Despite declining property values in the area, Gainesville’s elected officials are ready to move forward on a spending plan that doesn’t require them to change the property tax rate.
But they aren’t moving in unison.
Councilman Robert “Bob” Hamrick raised the sole hand in opposition of the city’s $26.6 million budget Tuesday night after his fellow council members showed no interest in rolling back the city’s millage rate.
After years of tight budgets that drew down the government’s reserve fund, city officials have prepared a spending plan for the upcoming fiscal year that allows them to maintain the city’s current services and begin to rebuild that rainy-day reserve.
The budget plan is centered on the city’s current millage rate, which charges $2.92 for every $1,000 in taxable property.
Both Hamrick and Councilman George Wangemann expressed an interest Tuesday in rolling back the millage rate just as
Mayor Pro Tem Danny Dunagan moved to give the budget proposal its first approval.
Wangemann offered his own motion to reduce the millage rate now that it seemed the city was out from under a budgetary dark cloud.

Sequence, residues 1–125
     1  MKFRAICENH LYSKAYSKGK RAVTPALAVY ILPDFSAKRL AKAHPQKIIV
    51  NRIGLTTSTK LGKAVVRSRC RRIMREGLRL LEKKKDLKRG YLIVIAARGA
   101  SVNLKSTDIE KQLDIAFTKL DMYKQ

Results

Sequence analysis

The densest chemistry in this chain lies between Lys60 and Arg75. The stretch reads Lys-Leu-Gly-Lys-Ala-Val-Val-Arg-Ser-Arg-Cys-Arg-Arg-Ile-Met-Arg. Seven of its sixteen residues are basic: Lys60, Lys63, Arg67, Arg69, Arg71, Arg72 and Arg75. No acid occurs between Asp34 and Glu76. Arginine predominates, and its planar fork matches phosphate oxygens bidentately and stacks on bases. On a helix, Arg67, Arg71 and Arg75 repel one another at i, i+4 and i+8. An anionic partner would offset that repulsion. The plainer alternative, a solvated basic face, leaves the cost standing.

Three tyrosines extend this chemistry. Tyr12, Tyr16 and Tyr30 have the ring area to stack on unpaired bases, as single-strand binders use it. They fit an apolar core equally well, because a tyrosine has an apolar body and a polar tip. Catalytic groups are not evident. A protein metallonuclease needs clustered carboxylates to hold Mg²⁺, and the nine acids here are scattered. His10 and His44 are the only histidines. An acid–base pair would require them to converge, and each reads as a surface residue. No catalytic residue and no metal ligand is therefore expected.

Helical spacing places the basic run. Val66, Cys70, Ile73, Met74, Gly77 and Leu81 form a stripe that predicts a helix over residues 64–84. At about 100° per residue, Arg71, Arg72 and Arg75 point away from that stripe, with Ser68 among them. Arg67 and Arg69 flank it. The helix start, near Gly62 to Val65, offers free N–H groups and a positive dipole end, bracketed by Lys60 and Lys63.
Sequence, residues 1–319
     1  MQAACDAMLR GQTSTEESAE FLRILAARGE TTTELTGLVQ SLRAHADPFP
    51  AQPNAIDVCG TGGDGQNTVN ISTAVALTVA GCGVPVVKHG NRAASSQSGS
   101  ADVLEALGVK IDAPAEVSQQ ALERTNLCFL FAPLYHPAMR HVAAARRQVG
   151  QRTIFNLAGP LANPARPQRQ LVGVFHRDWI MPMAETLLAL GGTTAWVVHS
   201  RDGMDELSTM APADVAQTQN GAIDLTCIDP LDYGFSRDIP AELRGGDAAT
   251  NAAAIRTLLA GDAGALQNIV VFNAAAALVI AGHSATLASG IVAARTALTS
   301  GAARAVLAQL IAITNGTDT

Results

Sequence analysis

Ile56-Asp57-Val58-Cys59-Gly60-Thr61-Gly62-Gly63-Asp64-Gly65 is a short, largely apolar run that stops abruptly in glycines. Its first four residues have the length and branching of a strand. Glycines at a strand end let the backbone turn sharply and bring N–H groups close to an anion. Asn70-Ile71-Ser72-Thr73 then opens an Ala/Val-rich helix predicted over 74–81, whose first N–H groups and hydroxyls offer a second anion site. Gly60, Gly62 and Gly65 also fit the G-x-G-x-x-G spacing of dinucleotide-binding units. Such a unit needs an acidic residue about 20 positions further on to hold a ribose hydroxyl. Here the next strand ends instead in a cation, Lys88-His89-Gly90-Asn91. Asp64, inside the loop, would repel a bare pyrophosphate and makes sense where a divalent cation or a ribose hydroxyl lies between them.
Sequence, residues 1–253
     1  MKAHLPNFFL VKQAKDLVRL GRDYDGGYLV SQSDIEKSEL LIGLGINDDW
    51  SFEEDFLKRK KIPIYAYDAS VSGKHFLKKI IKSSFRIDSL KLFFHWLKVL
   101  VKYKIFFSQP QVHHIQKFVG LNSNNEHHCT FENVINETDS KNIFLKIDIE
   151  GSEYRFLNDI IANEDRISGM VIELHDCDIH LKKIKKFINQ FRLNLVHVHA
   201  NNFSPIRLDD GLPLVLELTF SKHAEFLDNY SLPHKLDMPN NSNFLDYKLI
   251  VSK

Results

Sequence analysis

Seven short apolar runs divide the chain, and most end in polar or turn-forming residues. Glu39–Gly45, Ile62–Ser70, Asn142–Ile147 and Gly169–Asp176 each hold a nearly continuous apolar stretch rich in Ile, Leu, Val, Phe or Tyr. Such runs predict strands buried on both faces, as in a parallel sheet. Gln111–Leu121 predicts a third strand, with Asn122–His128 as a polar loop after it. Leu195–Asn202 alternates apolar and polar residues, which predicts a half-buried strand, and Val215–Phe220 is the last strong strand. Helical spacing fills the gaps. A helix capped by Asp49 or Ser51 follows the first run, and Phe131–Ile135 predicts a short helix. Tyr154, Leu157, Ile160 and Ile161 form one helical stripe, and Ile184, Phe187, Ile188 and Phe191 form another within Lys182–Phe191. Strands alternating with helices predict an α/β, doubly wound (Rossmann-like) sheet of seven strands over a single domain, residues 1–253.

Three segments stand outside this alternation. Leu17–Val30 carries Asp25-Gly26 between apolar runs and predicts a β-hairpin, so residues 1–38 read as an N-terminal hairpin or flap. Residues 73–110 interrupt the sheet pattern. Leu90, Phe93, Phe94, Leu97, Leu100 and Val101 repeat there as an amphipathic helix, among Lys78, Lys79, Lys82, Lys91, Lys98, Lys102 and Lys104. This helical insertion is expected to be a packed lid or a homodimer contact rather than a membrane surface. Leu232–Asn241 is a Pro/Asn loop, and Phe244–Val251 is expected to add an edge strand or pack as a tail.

Wangemann said the move would be a “good gesture to the citizens of Gainesville,” many of whom, he said, were still struggling from the economic recession.
Hamrick seconded Wangemann’s motion, but the measure fell as the three remaining council members opposed and
Dunagan again motioned his support for the original budget plan, citing the city’s previous use of its fund balance to get it through difficult budget years.
“We’ve let our fund balance drop down, because of hard times, to four weeks (of reserve),” Dunagan said. “And we usually try to keep it anywhere from two to three months, so we want to raise that fund balance to six weeks.”
Dunagan also said the city needed to use the money to replace old police vehicles and repair neglected roads.
“We can’t just keep letting these things go and go and go,” Dunagan said.
Councilwoman Myrtle Figueras had another motive for keeping the tax rate the same, she said. Both she and Dunagan expressed concerns that, as property values continue to decline in the city, the surplus revenue in the budget may be needed for day-to-day operations.
“Why reduce the millage now just to get a chance to raise it next year?” Figueras said. “I don’t see how we can justify that.”
As Dunagan’s motion went to a vote, however, only Hamrick opposed. Wangemann, despite his original motion to reduce the city’s tax rate, voted in favor of the original proposal.
“It’s still a great budget,” Wangemann said.
The council will give its final approval to the budget on June 21. The spending plan will cover the fiscal year that begins July 1 and ends June 30, 2012.